Darkthrone / Eternal Hails is inimitably wonderful and eccentric

Norwegian Black Metal legends Darkthrone return with their latest full length, astoundingly their nineteenth, the five track, forty-five-minute offering, Eternal Hails, created in their usual inimitably wonderful, eccentric style.

Darkthrone – Eternal Hails (Peaceville Records)

Release Date: Out Now

Words: Jools Green

On Eternal Hails, the longer, doomier songs reflect drummer Fenriz’s love of Doom. With nothing under the seven-minute mark and a couple passing nine minutes, they are taking their time to make their point in true Doom tradition, so this should also grab Doom fans’ attention.

The inspiration for this stretches back even further than them discovering Black Metal, the sounds of the ’70s and the more freewheeling sounds of bands playing with more expansive themes, adding a different slant on several tracks.

Darkthrone - cover of Eternal Hails

No lyrical concept

Lyrically, Eternal Hails follows previous Darkthrone concepts, which is no concept whatsoever. Each song stands alone, words and music created separately, until such a time as one needs to find the other.

As Fenriz explains, “As I write lyrics that have a life on their own these days (again), there is no concept of them to match the songs themselves. The lyrics collect dust while we make the songs, and then Ted needs the lyrics for his vocals in the studio, and he gets them then.

“So, I have no idea what song is going to be called what until I come back to the studio after the vocals are done. Again, with us, it is coincidental. The lyrics did not inspire any of the songs or songwriting.

“When we make the songs, it is a matter of just trusting our lives in Heavy Metal and – BOOM! – create, create, create, and then put the pieces together.”

I have to say this is such a brilliantly organic system that only two guys who have worked together as long as Fenriz and Nocturno have and who instinctively know each other’s style and way of thinking could pull off.

One new aspect which has slightly influenced this release is that all albums since 2004 were recorded using their own Necrohell II studio, a portable 8-track recorder housed in an old bomb shelter. This was a replacement for the original Necrohell 4-track used for Transilvanian Hunger and Panzerfaust, until it became “too necro” and broke.

So, for Eternal Hails, the band went to Chaka Khan Studio in Oslo for the first time, with Fenriz even ending up using a drum kit belonging to Carmine Appice from when he was in Rod Stewart’s band.

Old school stalwarts need not fear, the same filthy lo-fi sound we’ve come to love still exists, even more so here, ironically.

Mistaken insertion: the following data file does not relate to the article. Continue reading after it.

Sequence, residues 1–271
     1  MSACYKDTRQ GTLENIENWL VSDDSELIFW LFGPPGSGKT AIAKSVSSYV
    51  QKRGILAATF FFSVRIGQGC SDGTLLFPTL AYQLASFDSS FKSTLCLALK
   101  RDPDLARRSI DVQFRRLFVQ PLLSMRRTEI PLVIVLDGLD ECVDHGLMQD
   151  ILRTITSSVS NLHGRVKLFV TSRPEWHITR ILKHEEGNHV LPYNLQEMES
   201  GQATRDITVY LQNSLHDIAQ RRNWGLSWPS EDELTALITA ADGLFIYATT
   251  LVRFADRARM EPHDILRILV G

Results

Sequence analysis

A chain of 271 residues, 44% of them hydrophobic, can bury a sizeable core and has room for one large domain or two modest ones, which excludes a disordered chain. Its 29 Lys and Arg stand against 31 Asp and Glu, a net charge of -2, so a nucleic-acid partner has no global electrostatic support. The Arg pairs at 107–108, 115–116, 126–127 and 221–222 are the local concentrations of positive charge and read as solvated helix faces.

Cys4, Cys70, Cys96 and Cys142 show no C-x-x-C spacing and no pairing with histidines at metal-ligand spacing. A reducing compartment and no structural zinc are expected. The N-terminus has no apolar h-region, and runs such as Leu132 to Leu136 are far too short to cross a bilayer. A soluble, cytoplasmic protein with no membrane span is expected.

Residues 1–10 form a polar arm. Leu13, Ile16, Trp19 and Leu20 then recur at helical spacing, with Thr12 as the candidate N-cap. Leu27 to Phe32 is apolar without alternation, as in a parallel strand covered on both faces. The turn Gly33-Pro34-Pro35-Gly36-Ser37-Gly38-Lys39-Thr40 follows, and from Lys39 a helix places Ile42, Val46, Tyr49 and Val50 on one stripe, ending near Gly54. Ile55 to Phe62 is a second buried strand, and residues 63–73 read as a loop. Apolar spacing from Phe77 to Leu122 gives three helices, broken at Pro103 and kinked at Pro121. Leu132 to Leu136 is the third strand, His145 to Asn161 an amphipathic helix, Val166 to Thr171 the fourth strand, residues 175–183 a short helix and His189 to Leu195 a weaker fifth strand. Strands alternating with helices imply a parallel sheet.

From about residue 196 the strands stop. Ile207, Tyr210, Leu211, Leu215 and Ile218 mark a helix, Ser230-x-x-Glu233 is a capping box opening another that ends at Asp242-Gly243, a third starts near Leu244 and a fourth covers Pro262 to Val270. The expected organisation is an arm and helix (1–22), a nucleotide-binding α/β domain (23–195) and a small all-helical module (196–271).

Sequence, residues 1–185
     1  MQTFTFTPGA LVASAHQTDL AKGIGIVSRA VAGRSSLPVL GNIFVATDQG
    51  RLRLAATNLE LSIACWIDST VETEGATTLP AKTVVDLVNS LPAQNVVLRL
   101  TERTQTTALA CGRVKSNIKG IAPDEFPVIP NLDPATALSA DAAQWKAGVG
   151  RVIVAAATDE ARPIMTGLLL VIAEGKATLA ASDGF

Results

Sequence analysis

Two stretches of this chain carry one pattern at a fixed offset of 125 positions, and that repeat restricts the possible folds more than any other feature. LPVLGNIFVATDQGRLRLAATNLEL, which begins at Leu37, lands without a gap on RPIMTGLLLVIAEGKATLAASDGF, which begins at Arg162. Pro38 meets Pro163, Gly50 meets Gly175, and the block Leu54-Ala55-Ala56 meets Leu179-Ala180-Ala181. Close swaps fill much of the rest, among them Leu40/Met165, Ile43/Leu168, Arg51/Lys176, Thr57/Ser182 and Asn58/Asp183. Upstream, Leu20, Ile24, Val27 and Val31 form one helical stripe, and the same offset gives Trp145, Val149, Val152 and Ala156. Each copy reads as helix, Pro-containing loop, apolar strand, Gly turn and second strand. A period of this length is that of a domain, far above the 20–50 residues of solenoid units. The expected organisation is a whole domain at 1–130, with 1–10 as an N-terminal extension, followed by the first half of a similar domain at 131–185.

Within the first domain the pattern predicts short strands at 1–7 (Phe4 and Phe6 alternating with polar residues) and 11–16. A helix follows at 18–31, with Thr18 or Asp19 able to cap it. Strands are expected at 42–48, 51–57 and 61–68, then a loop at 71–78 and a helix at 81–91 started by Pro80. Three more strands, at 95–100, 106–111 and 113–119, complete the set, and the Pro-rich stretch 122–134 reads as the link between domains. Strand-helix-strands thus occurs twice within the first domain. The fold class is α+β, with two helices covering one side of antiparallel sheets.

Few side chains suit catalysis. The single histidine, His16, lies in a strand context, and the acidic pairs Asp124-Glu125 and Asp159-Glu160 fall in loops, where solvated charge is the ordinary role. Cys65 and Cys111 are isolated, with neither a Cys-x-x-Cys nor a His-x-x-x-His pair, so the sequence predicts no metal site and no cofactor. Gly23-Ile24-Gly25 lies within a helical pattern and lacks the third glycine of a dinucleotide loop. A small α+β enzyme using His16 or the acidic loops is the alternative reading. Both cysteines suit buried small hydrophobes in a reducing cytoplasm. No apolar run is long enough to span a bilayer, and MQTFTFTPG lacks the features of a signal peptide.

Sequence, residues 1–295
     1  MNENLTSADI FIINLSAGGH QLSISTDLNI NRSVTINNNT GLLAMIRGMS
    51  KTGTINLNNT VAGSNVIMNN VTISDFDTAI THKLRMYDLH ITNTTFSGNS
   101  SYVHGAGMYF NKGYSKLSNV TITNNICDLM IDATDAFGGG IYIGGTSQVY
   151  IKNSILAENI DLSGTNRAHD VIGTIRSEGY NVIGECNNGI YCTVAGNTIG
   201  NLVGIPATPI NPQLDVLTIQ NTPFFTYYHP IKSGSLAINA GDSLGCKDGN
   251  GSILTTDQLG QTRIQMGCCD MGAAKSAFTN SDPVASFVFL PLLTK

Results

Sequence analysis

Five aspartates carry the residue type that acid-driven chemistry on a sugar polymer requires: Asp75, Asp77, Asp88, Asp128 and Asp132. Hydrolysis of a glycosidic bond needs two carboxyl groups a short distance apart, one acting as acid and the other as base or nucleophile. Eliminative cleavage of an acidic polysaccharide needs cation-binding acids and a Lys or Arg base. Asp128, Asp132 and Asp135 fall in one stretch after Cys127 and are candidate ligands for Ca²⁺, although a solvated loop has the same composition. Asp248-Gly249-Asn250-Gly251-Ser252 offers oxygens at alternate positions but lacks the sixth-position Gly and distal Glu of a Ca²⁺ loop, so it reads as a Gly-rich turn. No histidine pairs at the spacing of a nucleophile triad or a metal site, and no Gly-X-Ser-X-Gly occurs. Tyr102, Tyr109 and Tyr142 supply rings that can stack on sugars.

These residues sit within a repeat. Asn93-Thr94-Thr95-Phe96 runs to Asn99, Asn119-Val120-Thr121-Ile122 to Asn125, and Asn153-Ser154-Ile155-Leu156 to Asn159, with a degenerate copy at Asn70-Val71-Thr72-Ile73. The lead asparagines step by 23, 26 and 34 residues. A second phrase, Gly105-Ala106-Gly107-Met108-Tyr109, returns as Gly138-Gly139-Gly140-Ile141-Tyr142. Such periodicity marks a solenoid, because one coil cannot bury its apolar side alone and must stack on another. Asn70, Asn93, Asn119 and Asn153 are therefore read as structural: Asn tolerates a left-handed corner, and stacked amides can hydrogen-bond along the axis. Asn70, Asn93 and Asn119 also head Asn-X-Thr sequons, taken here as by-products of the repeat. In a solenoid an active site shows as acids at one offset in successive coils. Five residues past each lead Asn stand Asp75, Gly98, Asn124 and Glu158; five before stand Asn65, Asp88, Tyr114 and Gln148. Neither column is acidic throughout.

Lo-fi goodness

Opening track His Master’s Voice is a dirty, D-beat rich, Doom infused, dark chunk of lo-fi goodness that reeks of old school. With some excellent drum work, only Darkthrone could pull off a track like this successfully.

The filth infused Doom continues with Hate Cloak, again with a dirty old school feel, very haunting and hypnotic. As the pace picks up, it becomes blacker and more sinister but still hugely engaging. I love the precise drum patterning and squealy guitar leads. It is an understatedly brilliant track that offers a new surprise with every turn it takes.

Wake of the Awakened takes on more of an up-tempo Black Metal drive. To the greater part, it does ebb away suspensefully in places and has a slightly more cavernous aspect than the predecessors. A great track with some addictive little riff patterns that fascinate.

The penultimate piece Voyage To A North Pole Adrift is a wonderfully meandering slice of dirty Black and Doom, filled with icy mystery and intrigue. With a repeating element that makes you feel like you are wandering in circles through all manner of challenging terrains and lost, there is a pace that ranges from the Black and frantic to the slow and laboriously doomy. With a modest but effective chunk of second-half lead work, this is an absolutely superb track.

I love the up-tempo, dirty hypnotic groove that courses through the final track, Lost Arcane City Of Uppakra. The bizarre and wistful mid-point drop takes you by surprise, as does the way it returns—a very spacy and fascinating piece of music.

The album’s artwork features the piece Pluto And Charon (1972) by British science fiction artist David A. Hardy. This has been a hugely inspirational image for both Fenriz and Nocturno Culto for several decades, “standing as a symbolic link between the genre-bending styles apparent on Darkthrone’s earliest works, to those same traits evident on Eternal Hails.”

Ultimately Eternal Hails is different enough to sound fresh and new but unmistakably and uniquely Darkthrone. As Fenriz himself puts it, “No matter what happens, we will still sound like us, it seems!”

Either way, it’s a release that is definitely worth your attention.

Eternal Hails is available in the several formats at darkthrone.lnk.to/EternalHails

Limited edition deluxe box set is available, containing an exclusive purple coloured heavyweight vinyl / CD in alternate digisleeve format / cassette tape / 12-page booklet containing a biography surrounding the creation of the album and studio experience / 10″ art print of David Hardy’s Pluto And Charon painting / handwritten letter print from Fenriz

Also available as CD, Black 180g vinyl LP, Various 180g coloured vinyl LP, Picture disc and Digital download.

Sleeve Notes

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